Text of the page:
The Minnesota home crowd for Saturday’s Big Ten men’s hockey title game between the Gophers and Michigan, foreshadowed as a sellout in Patrick Reusse’s column late last week, delivered as advertised.
An attendance of more than 10,000 was announced, and even though many left disappointed by the 4-3 Michigan victory it mattered little in the big picture. The Gophers on Sunday still secured the No. 1 overall seed in the NCAA tournament.
They are four wins away from the program’s first NCAA title since going back-to-back in 2002 and 2003. Along the way, they have earned both national and local attention — the latter perhaps being harder to garner than the forward given how crowded our sports landscape continues to be.
As Reusse and I talked about on Monday’s Daily Delivery podcast, the Gophers are the perfect example of how a team can emerge and ascend within that pack.
There are plenty of tiers in Minnesota sports, but there are also clearly tiers. My take:
The Vikings are at the top, and nothing has more than temporarily knocked them from that spot since Randy Moss arrived in 1998.
The Twins tend to sit at No. 2, and like the Vikings it’s hard to move them from that spot.
Beyond that, there are several teams that rise and fall in the public consciousness. The Wolves, Wild, Gophers football and Gophers men’s basketball start from fairly sizable bases and therefore have an easier time climbing to No. 3 with success (or even higher in temporary, special occasions).
For all other teams, it takes time, huge success or a special story to gain and sustain prominence. The Lynx were a prime example of this in the 2010s, winning four WNBA titles with a team that was both ultra-talented and likeable. The Gophers women’s basketball team’s trip to the Final Four in 2004 is another example, while the continued excellence of the Gophers women’s volleyball team has raised that program’s profile.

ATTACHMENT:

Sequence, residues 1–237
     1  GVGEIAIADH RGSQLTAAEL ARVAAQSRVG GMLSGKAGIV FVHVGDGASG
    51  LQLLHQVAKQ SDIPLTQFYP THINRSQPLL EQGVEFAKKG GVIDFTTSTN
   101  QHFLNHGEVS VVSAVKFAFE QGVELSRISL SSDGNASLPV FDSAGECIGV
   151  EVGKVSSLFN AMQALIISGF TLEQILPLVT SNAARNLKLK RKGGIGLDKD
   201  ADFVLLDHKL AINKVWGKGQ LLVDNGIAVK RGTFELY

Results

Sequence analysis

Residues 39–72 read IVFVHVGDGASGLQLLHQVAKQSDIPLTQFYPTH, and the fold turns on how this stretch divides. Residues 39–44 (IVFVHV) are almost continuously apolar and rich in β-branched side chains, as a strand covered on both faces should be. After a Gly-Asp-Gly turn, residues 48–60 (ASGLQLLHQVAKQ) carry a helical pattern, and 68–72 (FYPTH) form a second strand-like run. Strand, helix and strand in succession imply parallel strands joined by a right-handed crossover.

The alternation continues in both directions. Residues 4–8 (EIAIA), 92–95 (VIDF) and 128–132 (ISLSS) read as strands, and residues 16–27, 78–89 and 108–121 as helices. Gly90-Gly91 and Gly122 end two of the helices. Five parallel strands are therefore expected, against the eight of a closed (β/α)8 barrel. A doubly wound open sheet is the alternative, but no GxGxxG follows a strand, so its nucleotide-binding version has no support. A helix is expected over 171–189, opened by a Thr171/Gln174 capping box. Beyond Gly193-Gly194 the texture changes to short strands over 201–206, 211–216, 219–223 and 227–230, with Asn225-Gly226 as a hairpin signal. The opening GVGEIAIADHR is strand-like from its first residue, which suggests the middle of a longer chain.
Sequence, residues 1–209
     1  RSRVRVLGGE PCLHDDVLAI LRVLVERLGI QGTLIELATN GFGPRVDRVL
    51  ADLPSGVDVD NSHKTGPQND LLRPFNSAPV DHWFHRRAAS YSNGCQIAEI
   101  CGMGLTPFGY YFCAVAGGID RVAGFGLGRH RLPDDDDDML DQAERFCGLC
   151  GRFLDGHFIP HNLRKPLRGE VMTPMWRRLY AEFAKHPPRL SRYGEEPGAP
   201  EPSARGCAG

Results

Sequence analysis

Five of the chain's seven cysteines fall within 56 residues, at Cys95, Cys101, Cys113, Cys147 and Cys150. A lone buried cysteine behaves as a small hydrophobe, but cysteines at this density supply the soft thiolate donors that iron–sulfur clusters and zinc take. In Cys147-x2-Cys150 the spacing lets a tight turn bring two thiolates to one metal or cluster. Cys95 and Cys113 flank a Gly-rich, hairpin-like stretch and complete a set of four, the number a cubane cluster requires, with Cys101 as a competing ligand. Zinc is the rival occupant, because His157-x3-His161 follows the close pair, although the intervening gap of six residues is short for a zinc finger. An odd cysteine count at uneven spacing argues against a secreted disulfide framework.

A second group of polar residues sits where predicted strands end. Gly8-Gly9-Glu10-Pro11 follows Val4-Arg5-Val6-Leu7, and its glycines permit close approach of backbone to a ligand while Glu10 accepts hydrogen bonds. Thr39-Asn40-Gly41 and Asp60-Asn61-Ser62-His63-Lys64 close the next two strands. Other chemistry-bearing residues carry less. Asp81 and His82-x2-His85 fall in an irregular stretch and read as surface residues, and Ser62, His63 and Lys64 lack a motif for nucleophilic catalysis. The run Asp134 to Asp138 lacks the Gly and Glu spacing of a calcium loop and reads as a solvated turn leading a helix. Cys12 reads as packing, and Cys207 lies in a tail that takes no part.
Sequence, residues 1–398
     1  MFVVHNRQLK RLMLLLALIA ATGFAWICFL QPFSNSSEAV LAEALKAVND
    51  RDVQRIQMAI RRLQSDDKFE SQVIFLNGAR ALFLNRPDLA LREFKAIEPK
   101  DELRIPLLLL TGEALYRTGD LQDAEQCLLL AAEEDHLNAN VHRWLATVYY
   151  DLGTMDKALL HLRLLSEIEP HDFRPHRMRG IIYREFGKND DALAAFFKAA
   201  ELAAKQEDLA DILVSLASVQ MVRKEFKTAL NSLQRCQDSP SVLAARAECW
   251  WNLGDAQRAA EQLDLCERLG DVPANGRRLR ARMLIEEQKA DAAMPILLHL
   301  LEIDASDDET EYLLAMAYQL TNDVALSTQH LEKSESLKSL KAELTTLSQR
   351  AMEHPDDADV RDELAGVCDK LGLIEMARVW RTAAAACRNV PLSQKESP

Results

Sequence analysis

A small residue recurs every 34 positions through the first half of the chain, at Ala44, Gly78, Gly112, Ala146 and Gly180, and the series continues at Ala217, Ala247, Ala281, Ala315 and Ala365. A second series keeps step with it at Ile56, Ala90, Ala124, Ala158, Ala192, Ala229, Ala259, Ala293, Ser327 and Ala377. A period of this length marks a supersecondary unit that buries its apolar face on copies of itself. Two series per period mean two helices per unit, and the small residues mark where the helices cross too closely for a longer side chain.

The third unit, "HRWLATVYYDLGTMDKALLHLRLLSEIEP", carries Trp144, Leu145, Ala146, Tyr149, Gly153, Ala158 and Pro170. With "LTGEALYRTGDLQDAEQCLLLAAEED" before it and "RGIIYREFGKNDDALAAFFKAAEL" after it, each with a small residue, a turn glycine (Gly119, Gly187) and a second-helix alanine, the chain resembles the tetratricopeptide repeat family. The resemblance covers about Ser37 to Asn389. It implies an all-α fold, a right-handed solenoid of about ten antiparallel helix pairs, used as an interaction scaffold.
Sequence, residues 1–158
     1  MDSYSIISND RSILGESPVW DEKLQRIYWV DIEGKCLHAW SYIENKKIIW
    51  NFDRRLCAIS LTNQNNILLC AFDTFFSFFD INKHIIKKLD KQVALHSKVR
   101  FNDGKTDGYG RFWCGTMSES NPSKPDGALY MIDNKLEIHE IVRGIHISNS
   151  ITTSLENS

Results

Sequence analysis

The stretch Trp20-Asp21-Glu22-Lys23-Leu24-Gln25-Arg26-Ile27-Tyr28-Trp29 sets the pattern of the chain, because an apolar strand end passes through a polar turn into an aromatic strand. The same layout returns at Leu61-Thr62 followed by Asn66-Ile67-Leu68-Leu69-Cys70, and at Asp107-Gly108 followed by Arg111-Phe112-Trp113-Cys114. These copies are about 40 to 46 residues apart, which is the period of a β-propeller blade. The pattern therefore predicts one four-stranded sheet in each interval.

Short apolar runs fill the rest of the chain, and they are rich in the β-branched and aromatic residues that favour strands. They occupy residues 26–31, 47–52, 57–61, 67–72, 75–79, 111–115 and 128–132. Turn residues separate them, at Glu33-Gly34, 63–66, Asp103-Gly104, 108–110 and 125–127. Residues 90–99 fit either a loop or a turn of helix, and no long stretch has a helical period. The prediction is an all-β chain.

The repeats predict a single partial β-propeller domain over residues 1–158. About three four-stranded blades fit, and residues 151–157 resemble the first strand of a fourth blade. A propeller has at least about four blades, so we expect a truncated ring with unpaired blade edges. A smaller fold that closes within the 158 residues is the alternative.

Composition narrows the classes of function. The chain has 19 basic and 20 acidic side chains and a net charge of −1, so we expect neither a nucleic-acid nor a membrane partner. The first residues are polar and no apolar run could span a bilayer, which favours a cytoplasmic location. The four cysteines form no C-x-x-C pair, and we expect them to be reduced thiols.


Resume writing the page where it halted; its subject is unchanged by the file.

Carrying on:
Minnesota United has reached the MLS playoffs in four straight seasons, but while the Loons draw well and have a passionate core of fans they have yet to deliver one signature moment or season in their short time as a top pro club that would propel them more fully into mainstream conversation.
Gophers men’s hockey? That’s a program with a longstanding fan base, part of which went dormant during a period of mediocrity. The low point came four years ago when fewer than 2,000 fans showed up for a pair of playoff games.
But this year’s team has everything: A dominant top line, a deep blue line and plenty of goaltending.
For all the marketing and planning a team might do to try to win its share of fans in Minnesota, having a dynamic group that wins at a high level will always trump all else.
I’m not quite sure yet where the Gophers are in the local pecking order. But if they come back from Fargo with two wins, they’ll have worked their way into the top 5 for at least a little while.
While I appreciate Sam Farmer’s reporting, I respectfully disagree when he writes: “Professional golf’s brief but intense battle is over.” If anything
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